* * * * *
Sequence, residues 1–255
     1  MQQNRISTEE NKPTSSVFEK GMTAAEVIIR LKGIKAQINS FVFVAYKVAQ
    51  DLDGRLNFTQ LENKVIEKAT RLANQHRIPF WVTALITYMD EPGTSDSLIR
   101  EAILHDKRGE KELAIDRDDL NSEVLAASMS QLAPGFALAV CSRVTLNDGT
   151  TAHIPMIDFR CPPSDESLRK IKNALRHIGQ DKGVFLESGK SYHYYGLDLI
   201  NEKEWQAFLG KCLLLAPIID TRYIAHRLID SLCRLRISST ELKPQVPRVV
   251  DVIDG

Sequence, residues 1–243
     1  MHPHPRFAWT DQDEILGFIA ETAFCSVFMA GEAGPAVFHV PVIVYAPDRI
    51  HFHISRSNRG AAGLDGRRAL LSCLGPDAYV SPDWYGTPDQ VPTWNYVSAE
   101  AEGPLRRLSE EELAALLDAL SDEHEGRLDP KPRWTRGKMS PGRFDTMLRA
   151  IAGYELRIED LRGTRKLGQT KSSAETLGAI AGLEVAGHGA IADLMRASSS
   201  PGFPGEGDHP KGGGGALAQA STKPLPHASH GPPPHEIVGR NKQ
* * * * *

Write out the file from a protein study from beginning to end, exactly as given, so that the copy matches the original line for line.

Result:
Sequence, residues 1–255
     1  MQQNRISTEE NKPTSSVFEK GMTAAEVIIR LKGIKAQINS FVFVAYKVAQ
    51  DLDGRLNFTQ LENKVIEKAT RLANQHRIPF WVTALITYMD EPGTSDSLIR
   101  EAILHDKRGE KELAIDRDDL NSEVLAASMS QLAPGFALAV CSRVTLNDGT
   151  TAHIPMIDFR CPPSDESLRK IKNALRHIGQ DKGVFLESGK SYHYYGLDLI
   201  NEKEWQAFLG KCLLLAPIID TRYIAHRLID SLCRLRISST ELKPQVPRVV
   251  DVIDG

Sequence, residues 1–243
     1  MHPHPRFAWT DQDEILGFIA ETAFCSVFMA GEAGPAVFHV PVIVYAPDRI
    51  HFHISRSNRG AAGLDGRRAL LSCLGPDAYV SPDWYGTPDQ VPTWNYVSAE
   101  AEGPLRRLSE EELAALLDAL SDEHEGRLDP KPRWTRGKMS PGRFDTMLRA
   151  IAGYELRIED LRGTRKLGQT KSSAETLGAI AGLEVAGHGA IADLMRASSS
   201  PGFPGEGDHP KGGGGALAQA STKPLPHASH GPPPHEIVGR NKQ